The casting of celebrities in major roles on Broadway is a common practice, incentivized
by the large box office draw of film stars. This paper explores how fixed conceptions of good
acting and markers of cultural prestige play into the criticism that celebrity-actors receive.
Looking closely at Daniel Radcliffe’s 2008 performance in Equus, Sir Ian McKellen’s 2013
performance in Waiting for Godot and Marina Abramović’s 2010 performance The Artist is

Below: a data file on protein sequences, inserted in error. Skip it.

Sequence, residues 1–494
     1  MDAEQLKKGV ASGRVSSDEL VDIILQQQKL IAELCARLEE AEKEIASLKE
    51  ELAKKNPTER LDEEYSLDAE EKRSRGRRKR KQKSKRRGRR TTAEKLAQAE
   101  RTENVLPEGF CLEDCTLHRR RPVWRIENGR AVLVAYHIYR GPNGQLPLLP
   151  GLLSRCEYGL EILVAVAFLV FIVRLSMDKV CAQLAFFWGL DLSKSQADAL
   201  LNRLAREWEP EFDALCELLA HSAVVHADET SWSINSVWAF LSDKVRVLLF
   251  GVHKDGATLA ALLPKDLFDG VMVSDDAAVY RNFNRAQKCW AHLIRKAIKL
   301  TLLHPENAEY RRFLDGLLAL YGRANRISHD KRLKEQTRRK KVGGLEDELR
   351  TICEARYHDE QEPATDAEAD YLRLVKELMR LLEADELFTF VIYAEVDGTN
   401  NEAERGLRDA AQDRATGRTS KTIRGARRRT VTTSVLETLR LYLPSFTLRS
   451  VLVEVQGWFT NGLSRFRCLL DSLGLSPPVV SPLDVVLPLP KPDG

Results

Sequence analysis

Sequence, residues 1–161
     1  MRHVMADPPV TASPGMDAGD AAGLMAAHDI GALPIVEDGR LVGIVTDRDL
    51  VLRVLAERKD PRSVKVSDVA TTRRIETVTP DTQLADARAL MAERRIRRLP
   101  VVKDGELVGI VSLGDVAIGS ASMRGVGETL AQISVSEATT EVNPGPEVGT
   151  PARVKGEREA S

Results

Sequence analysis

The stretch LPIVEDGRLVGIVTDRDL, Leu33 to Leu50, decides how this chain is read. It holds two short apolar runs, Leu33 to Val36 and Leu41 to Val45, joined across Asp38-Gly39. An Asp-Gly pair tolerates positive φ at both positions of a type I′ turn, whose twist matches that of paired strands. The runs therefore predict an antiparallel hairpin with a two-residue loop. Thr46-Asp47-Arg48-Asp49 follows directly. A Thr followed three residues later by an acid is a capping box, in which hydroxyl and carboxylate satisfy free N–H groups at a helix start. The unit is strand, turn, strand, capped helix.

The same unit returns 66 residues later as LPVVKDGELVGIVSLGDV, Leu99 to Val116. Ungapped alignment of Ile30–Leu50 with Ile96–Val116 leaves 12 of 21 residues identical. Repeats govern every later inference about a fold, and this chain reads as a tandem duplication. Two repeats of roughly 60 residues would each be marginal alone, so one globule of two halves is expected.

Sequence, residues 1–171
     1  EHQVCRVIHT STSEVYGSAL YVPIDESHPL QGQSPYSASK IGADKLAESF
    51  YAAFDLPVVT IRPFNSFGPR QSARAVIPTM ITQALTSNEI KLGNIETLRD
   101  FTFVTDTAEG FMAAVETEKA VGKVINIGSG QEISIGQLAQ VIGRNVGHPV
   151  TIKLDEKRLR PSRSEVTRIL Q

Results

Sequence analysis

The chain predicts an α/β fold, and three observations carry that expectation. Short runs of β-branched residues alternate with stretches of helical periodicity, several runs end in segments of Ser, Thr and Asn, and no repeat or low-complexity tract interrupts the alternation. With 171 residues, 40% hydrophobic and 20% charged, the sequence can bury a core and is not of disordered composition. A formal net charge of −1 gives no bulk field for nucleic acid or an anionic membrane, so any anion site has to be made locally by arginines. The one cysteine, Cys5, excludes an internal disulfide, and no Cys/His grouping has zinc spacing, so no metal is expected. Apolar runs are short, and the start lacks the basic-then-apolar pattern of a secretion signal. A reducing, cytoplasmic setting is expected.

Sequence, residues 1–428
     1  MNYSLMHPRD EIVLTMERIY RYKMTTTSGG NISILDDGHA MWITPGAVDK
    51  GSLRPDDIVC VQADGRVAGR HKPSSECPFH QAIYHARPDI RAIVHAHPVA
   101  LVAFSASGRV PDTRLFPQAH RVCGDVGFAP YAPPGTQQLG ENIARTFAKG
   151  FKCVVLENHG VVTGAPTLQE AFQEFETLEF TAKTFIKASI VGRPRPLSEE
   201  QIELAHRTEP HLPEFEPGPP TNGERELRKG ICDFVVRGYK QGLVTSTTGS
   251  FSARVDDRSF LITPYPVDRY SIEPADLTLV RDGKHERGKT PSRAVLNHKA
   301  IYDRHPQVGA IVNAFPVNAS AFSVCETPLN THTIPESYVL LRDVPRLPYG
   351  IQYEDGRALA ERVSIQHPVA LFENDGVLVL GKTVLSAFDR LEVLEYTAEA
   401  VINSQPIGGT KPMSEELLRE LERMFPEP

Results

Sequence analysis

Present, this paper details how fan-celebrity encounters exist alongside or within performances,
as well as how these celebrities are written about differently by critics. The celebrity’s attempt to
represent a character within a play is complicated by their status as an easily recognizable sign
for either themselves or another character. It is far easier for the celebrity-actor to become part
of the world of the play than the celebrity-character. Ultimately, this paper asks how fancelebrity
encounters can be harnessed as an artistic choice to enhance a performance instead of
being negated and pushed to the periphery as a pre- or post-theatre experience.